Carribean artists contribute to Porter Foundation Symposium
By Margot Byrne
Published on Wednesday, February 20, 2013
Contemporary Caribbean artists will bring awareness of Haiti’s financial and educational struggles to Hanover this week as part of the inaugural Porter Foundation Symposium, which kicks off today.
The conference, titled “Haiti and Dartmouth at the Crossroads,” will bring together working Haitian artists with businessmen, healthcare specialists and government officials, including former Haiti prime minister Michele Pierre-Louis, to generate new initiatives to assist Haiti’s efforts to recover from the devastation of the 2010 earthquake.
The three-day symposium will feature interdisciplinary projects in education, healthcare and economic development, according to Amita Kulkarni ’10, a conference coordinator and presidential fellow in global health at the Dartmouth Center for Health Care Delivery Science.
The event intends to underscore the role that institutions of higher education can play in Haiti’s reconstruction.
“It’s been over three years since the earthquake but there is still a lot of work to be done,” Jack Wilson, studio art professor and a conference coordinator, said. “Institutions like Dartmouth need to stand up and help Haiti get back on its feet.”
Since the earthquake, Wilson, an architect, has worked in Haiti on various projects to strengthen community development, including the construction and restoration of several facilities. Last year, Wilson received the faculty grant for the Year of the Arts as well as sponsorship from the Hood Museum to organize a conference focused on Haiti. While the symposium primarily seeks to assess Haiti from financial and educational standpoints, Wilson said it would be lacking without a focus on the arts.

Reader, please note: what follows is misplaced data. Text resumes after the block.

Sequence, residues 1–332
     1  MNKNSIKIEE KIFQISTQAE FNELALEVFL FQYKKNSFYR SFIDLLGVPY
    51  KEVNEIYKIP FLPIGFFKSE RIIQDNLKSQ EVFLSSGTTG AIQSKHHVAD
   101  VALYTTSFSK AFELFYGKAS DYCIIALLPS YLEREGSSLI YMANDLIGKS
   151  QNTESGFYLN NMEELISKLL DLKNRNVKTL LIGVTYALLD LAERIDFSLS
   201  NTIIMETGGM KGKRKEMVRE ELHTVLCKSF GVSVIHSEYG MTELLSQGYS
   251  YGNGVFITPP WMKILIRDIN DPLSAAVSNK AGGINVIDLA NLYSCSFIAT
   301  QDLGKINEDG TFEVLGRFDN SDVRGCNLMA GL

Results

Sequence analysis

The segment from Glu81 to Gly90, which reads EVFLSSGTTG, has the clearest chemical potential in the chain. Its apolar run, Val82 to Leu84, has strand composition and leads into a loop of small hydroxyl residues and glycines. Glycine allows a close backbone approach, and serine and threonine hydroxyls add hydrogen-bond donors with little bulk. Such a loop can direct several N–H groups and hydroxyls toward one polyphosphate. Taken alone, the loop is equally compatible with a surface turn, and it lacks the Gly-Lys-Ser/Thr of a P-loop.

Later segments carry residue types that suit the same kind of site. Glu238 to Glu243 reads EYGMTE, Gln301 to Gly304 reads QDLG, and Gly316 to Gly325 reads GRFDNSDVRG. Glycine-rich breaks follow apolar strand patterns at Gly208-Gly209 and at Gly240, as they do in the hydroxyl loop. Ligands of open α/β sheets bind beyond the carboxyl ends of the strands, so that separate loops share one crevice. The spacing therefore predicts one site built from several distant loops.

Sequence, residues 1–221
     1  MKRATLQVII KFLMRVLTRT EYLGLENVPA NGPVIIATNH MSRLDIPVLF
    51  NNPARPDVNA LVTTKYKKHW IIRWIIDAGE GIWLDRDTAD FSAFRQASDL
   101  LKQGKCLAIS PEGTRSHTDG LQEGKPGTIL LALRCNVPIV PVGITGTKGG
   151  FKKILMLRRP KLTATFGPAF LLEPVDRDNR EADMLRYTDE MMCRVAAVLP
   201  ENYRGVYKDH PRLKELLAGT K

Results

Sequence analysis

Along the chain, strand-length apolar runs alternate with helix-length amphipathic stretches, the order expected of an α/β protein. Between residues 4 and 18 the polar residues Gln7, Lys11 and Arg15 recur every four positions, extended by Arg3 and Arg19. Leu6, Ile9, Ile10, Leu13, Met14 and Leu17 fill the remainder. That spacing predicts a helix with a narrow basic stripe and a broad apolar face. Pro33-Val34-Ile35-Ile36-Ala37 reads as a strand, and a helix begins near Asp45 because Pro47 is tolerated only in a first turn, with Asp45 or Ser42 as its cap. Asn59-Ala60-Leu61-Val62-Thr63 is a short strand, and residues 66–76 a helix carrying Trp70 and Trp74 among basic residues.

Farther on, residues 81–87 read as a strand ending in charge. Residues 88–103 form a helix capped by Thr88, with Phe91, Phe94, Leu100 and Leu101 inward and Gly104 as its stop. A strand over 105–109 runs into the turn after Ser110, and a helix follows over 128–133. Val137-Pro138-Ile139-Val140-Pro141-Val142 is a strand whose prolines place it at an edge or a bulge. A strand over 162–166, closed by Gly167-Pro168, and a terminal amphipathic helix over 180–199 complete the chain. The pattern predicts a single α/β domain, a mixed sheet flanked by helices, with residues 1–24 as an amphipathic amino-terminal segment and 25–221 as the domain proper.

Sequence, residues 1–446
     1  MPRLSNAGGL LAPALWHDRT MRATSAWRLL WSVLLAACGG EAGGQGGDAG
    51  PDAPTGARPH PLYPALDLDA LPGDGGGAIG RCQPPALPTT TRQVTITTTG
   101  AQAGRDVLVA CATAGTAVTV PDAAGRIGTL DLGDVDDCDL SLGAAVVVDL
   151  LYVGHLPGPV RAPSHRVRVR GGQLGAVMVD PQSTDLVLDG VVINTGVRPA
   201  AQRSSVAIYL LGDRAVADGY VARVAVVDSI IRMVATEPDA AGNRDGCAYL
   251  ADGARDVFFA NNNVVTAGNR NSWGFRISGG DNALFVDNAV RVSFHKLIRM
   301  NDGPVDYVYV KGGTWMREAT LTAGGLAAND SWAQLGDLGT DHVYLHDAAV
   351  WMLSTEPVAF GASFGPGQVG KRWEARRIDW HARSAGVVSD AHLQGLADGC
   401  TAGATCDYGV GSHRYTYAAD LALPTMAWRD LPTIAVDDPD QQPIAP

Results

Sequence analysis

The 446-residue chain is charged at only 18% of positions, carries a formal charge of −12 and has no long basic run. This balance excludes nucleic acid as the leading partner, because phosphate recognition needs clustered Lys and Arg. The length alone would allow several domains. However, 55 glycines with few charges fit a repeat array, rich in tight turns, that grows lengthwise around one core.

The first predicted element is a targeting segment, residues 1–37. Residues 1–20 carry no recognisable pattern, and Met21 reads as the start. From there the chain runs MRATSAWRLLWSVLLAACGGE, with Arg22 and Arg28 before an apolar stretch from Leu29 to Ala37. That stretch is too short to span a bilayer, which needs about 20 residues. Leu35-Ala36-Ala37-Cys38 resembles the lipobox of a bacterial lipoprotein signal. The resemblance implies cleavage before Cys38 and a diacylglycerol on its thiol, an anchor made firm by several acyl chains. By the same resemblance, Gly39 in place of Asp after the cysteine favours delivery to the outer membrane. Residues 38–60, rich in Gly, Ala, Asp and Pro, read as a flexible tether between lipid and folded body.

“Art, music and dance are at the core of Haitian culture,” Wilson said. “We needed to find a way to include these things in the conference.”
Echoing Wilson’s sentiments, Kulkarni said she considers art and music to be “vital to the well being of Haiti,” since they bring hope and comfort during a time of crisis. The symposium’s organizers made it a priority to integrate traditional Haitian art expression into the policy-oriented event.
The Haitian ensemble Lakou Mizik will perform with the World Music Percussion Ensemble in “Carnival Time — Hot Hot Hot!” on Friday in Spaulding Auditorium.
Lakou Mizik unites an older generation of musicians with their younger student counterparts to reinterpret classic Haitian songs. The songs, which focus on Haitian history, politics and daily life, are performed with traditional instruments and feature modernized lyrics relevant to the country’s current political situation.
“[Lakou Mizik’s] songs are pure and not overly-produced,” Hafiz Shabazz, music professor and ensemble director, said. “I feel a connection to Haitian culture when I listen to their music.”
Shabazz came to Dartmouth as a guest lecturer after studying jazz drumming in Trinidad, Ghana and Brazil.
While working in the music department, Shabazz decided to form the ensemble. The group is passionate about playing music from the islands and feels especially inspired by the songs of Bob Marley, he said.
Wilson approached Shabazz earlier this year to plan the symposium and perform with Lakou Mizik. Shabazz was already acquainted with the band’s manager, Zach Niles, after working with his mother in Woodstock.
Shabazz, who has conducted research in Haiti, feels a personal affinity for the country. He believes it necessary to preserve and spread its customs, especially those in the arts.
Shabazz hopes students will possess greater affection and empathy for Haiti’s rebuilding efforts after attending the conference, he said.
“People generally do not know much about Haitian artists,” Shabazz said. “They create some of the best art I have ever seen.”
In addition to Lakou Mizik’s performance, graffiti artist Jerry Rosembert will create “live” art in the sculpture studio of the Black Family Visual Arts Center on Friday. Rosembert enjoys making “politically-charged street art,” which will be a vibrant and powerful part of the symposium, Kulkarni said.
Wilson said he hopes the symposium will raise awareness of the variety of sociopolitical issues that exist in Haiti and broaden the interest base among students. “We want to show students that there is a lot that needs to be done in the world,” Wilson said. “We are training future leaders and need to expose them to real issues out there.”
The Porter Foundation Symposium will run through Friday.
Kulkarni is a former member of The Dartmouth Senior Staff.